Dutch Quirk #92: Be weird pyromaniacs about fireworks

HomeUltimate List of Dutch QuirksDutch Quirk #92: Be weird pyromaniacs about fireworks

Ah yes, December — a month of cold weather, fun, family holidays, and fire hazards? Seems a little out of character for this festive month.

Indeed, the Dutch have a strange affinity with fire and setting things on fire, but no one is sure why. And with that, fireworks might be the most dangerous hobby the Dutch have. 🔥

What is it?

For most of the year, lighting fireworks is limited to professionals, but there is an exception: from December 31 to January 1, ordinary Dutchies are allowed to light fireworks for New Year’s Eve.

Now, this would seem like a reasonable time and manner to welcome the New Year, but the Netherlands has had a history of extreme firework usage — to the point where several large municipalities have banned them altogether. ⛔

READ MORE | New Year’s Eve fireworks in the Netherlands: which city is doing what?

Why do they do it?

No one is really sure where this interesting (and very dangerous) habit comes from. If you’re familiar with Dutch stereotypes, you might know Dutchies are often characterised as mellow, quiet people who love to doe normaal.

Dutchies get so extreme that YouTube puts an age restriction on their fireworks videos (but we recommend you check it out!). 🤷

But this is far from the case, at least when it comes to fireworks.

Dutchies LOVE to make a commotion with loud and bright fireworks (as if people don’t already know it’s New Year’s Eve), and everyone tries to show off their biggest, most extravagant fireworks. 🙄🎆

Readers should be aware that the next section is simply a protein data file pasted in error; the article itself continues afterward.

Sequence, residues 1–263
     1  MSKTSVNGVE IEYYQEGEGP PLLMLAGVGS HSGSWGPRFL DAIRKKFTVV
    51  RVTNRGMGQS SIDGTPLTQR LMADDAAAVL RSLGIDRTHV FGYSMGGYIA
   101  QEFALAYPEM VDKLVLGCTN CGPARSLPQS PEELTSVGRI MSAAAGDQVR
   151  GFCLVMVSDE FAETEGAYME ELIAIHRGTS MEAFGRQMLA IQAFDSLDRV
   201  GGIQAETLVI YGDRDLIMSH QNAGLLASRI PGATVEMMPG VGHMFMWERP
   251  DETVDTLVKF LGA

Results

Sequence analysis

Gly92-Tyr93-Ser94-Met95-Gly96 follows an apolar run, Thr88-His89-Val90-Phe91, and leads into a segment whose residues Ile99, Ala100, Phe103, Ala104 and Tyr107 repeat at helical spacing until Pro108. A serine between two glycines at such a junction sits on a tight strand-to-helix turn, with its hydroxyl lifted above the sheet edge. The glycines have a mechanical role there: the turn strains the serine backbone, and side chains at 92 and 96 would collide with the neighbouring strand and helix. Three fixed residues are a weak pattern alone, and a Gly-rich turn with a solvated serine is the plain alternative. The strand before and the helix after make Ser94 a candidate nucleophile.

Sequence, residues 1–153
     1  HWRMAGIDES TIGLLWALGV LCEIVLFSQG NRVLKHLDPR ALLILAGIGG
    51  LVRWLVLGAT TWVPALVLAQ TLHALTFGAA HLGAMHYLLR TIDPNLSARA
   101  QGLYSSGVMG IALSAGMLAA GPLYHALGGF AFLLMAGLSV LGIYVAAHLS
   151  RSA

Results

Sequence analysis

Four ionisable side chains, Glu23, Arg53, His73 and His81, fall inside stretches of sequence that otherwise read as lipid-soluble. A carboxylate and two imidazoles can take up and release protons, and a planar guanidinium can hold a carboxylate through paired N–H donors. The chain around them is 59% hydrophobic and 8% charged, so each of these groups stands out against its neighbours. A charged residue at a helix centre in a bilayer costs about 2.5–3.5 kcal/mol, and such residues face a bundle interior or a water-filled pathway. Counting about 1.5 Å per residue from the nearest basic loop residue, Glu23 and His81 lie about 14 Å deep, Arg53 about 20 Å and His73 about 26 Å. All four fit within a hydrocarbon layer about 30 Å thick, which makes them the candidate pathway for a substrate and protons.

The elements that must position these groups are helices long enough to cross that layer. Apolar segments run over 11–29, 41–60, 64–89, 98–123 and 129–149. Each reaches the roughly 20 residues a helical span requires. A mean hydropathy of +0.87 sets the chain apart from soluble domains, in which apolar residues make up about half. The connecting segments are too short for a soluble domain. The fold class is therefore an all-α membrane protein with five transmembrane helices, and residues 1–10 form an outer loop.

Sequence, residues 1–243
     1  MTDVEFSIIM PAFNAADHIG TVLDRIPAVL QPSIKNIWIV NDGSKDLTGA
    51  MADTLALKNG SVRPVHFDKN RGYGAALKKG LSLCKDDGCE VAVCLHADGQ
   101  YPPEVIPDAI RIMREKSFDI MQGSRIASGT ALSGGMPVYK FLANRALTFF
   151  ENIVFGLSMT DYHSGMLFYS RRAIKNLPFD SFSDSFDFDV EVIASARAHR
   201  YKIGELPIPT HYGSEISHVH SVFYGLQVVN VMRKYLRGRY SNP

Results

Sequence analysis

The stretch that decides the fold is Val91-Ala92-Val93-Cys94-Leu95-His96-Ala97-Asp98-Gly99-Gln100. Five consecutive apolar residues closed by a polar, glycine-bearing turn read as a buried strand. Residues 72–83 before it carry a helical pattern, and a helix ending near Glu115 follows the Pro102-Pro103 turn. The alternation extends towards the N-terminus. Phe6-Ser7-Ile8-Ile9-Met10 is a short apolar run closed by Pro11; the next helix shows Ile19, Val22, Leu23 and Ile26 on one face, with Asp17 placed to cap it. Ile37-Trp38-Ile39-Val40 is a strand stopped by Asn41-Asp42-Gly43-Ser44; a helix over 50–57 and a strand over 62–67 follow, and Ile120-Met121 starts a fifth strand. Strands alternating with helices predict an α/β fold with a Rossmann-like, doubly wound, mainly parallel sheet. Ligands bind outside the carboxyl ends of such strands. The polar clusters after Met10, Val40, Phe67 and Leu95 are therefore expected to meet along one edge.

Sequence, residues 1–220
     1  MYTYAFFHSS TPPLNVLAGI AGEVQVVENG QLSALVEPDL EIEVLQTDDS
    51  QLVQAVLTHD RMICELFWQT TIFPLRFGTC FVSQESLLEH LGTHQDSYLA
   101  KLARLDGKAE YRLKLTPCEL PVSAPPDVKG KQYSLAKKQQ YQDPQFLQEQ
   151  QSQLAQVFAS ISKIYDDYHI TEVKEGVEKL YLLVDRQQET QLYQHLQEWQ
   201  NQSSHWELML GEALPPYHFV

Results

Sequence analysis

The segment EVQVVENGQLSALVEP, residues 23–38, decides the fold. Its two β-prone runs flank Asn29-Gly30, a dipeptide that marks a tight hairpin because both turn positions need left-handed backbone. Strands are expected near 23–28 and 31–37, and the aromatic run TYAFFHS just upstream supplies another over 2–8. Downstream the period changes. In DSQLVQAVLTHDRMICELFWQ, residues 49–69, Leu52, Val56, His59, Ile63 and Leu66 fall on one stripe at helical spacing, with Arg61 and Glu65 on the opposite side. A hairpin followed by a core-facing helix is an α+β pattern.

Why is it quirky?

Another classic Dutch stereotype is being a “stickler for the rules”, but that is far from the reality — some €15 million in fire damages and 5,000 kilos of illegal fireworks seized prove that the Dutch go above and beyond to make their celebrations as fire-filled as possible.

Fireworks are banned for 364 days of the year, so everyone in the Netherlands makes it a point to buy and light every single firework they can in the short period it’s legal. But maybe that’s a bit counterintuitive? 🤔

Should you join in?

Well, that depends. Fireworks in the Netherlands aren’t for the faint of heart — if you’re easily spooked by loud noises and fire, it’s probably best to stay inside and keep the windows shut.

Unfortunately, for all you little pyromaniacs out there, past incidences have gotten so bad that the local municipalities have announced a formal ban on fireworks for the third year in a row. Yikes.

Otherwise, we’d encourage everyone to take part in this festive Dutch tradition very safely and within Dutch rules and regulations for fireworks. But until then, you’ll have to find another way to celebrate the New Year.

Maybe you can watch an action film or light some candles instead? 🤷

What do you think of this Dutch quirk? Have you experienced it? Tell us in the comments below!

Editor’s Note: This article was originally published in December 2021, and was fully updated in December 2023 for your reading pleasure.

Feature Image:Depositphotos
Katrien Nivera 🇵🇭
Katrien Nivera 🇵🇭
Third culture kid Katrien has been working as a writer and editor at DutchReview for over two years, originally moving to the Netherlands as a tween. Equipped with a Bachelor’s in communication and media and a Master’s in political communication, she’s here to stay for her passion for writing, whether it’s current Dutch affairs, the energy market, or universities. Just like the Dutch, Katrien lives by her agenda and enjoys the occasional frietje met mayo — she just wishes she could grow tall, too.


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